BattleTech lore spans over 1,100 years of wars, events, people, and space exploration, from an alternate version of the Cold War era to the far-flung future. Harebrained Schemes' BattleTech (opens in new tab) is set in the year 3025, a critical epoch where humanity has been in fractious decline due to centuries of continual warfare with no end in sight.
Like many games that come from tabletop beginnings, BattleTech world-building is split between a variety of novels, sourcebooks, and other supplements—enough to satisfy any lorehound for a lifetime. Here's a brief smattering of recommended readings to really get you invested in the universe of BattleTech.
The Warrior Trilogy
(Warrior: En Garde, Warrior: Riposte, Warrior: Coupé)
This series takes place across the 3020's and establishes a number of characters and organizations that become continually important for the BattleTech timeline. Written by Michael A. Stackpole (who also wrote the special novellas released with HBS' BattleTech), these books deal with the political and military machinations taking place in the core of humanity known as the Inner Sphere. There are also awesome mech battles, of course.
The Blood of Kerensky Trilogy (opens in new tab)
(Lethal Heritage, Blood Legacy, Lost Destiny)
Another era-defining series, these three books capture a picture of the Inner Sphere and its warring Great Houses immediately before the apocalyptic Clan Invasion and their response to the threat of total annihilation. Continuing with the approach of the Warrior trilogy, Stackpole introduces new scions of previous heroes and villains and advances the political landscape. The Clanners and the strangeness of their society and obvious military might are also introduced here.
Illusions of Victory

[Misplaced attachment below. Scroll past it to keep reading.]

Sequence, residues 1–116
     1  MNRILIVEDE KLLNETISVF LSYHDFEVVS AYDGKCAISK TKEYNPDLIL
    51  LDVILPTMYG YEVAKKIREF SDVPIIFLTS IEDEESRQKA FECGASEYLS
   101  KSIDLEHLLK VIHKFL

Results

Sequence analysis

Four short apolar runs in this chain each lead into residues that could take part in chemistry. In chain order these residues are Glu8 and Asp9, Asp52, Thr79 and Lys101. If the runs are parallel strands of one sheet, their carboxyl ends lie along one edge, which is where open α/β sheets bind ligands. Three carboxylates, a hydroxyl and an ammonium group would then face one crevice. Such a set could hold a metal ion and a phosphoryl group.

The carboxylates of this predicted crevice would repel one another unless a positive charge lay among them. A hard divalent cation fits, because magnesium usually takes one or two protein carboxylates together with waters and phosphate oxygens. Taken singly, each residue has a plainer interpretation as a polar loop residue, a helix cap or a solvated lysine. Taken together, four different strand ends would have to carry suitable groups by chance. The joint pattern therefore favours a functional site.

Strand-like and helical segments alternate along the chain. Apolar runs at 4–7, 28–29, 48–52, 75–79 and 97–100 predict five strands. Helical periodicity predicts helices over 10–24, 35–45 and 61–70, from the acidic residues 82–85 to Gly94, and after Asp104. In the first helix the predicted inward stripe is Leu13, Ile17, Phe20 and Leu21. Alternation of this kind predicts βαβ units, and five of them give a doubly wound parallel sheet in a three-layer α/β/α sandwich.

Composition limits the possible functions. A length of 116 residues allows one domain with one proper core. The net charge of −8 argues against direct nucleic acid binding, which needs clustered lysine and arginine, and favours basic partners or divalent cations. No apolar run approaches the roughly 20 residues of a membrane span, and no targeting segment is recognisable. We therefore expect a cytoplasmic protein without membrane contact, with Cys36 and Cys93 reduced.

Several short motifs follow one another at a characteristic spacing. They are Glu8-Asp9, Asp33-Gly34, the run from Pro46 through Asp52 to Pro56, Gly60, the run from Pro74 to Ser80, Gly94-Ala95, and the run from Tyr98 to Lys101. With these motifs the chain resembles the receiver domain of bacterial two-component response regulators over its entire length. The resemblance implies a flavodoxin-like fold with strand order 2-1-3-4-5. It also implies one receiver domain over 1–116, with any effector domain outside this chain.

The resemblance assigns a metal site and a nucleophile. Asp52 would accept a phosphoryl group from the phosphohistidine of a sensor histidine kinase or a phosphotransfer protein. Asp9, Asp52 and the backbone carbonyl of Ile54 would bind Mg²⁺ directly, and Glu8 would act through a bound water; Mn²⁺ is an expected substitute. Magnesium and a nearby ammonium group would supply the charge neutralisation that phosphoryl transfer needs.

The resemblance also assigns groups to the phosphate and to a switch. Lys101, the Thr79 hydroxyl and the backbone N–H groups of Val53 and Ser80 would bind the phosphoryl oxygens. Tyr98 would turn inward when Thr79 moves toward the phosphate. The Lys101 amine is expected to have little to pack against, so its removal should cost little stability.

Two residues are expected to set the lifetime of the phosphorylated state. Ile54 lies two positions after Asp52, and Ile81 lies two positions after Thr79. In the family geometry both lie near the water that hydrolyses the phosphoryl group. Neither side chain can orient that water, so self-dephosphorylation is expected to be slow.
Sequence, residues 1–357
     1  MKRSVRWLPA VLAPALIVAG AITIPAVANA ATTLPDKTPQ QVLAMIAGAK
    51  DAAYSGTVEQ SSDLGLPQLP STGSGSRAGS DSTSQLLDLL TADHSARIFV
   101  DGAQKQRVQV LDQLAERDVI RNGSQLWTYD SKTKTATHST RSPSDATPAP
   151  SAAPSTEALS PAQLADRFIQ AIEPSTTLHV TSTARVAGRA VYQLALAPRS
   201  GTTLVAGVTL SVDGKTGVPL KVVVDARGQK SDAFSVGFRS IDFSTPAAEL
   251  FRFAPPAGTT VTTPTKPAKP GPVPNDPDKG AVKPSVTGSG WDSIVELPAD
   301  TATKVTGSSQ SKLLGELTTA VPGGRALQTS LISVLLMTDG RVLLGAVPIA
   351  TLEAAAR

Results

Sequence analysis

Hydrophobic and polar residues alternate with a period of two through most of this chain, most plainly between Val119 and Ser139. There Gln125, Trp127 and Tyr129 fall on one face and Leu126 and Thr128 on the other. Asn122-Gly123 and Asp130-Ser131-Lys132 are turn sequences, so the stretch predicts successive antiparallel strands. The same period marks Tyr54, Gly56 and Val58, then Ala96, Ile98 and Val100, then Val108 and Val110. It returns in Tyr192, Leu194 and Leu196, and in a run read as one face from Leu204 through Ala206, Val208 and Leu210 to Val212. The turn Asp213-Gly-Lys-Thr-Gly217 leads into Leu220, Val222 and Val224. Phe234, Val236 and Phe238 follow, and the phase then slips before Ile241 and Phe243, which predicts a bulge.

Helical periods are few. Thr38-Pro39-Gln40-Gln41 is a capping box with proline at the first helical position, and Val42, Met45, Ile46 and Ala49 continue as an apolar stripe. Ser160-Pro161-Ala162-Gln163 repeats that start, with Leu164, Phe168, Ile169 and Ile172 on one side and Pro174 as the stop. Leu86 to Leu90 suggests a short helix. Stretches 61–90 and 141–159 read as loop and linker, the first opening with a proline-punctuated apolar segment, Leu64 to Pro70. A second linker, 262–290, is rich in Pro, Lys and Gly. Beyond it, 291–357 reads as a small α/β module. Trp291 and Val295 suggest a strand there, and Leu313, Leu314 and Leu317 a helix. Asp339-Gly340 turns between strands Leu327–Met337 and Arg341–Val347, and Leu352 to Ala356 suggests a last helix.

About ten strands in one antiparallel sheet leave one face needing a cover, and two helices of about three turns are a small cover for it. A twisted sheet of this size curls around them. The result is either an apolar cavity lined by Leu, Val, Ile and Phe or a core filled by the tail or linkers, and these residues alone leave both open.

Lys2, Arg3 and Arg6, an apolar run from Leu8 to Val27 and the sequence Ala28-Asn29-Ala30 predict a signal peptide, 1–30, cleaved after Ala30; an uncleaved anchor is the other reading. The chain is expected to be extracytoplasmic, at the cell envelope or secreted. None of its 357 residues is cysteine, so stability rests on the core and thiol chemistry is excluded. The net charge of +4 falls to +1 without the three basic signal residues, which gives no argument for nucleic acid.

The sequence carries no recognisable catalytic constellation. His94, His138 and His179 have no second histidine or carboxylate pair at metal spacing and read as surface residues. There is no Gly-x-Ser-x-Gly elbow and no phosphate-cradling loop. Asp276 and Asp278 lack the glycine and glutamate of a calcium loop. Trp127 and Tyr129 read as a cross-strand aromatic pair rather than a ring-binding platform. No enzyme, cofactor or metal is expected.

A personal favorite, Illusions of Victory skips forward over a decade after the start of the Clan Invasion and centers on the game world of Solaris VII. Solaris is a political microcosm of the rest of the Inner Sphere, and rumblings of civil war within neighboring Great Houses has everyone on edge. This book is notable for its entirely standalone nature, being supported by existing lore but not requiring previous knowledge to become immersed. It's a good sampling of everything the BattleTech universe has to offer in terms of action, suspense, intrigue, and giant robot duels. —Ryan Burrell
Technical Readout: 3025
Nominally a resource for tabletop gameplay stats, TRO 3025 is chock full of lore write-ups and full page illustrations for mechs, vehicles, and even spaceships present in the BattleTech universe. Many of these military assets are downgraded remnants from the glory days of the ancient Star League, with in-world deployment histories and notable pilots. This book established the format for all later Technical Readouts as a mixture of mechanics and storytelling.
No article about BattleTech lore would be complete without mentioning the definitive BattleTech wiki, Sarna.net (opens in new tab). I made heavy use of Sarna in researching story elements for the BattleTech: Restoration campaign, and it's quickly become one of my favorite resources for deep-diving into the lore and history of the setting. —Andrew McIntosh
Ryan Burrell is a systems and UI/UX designer at Harebrained Schemes, working primarily on its combat gameplay and MechLab experience. He's been enthralled with BattleTech for over 20 years after grabbing his first Technical Readout at the age of 10. His favorite mech is the appropriately named "Awesome." Andrew McIntosh is the principal writer of BattleTech, and has been writing games for HBS since Shadowrun: Dragonfall. His favorite mech is the humble Urbie, a 30-ton trashcan with an enormous gun and stubby little legs.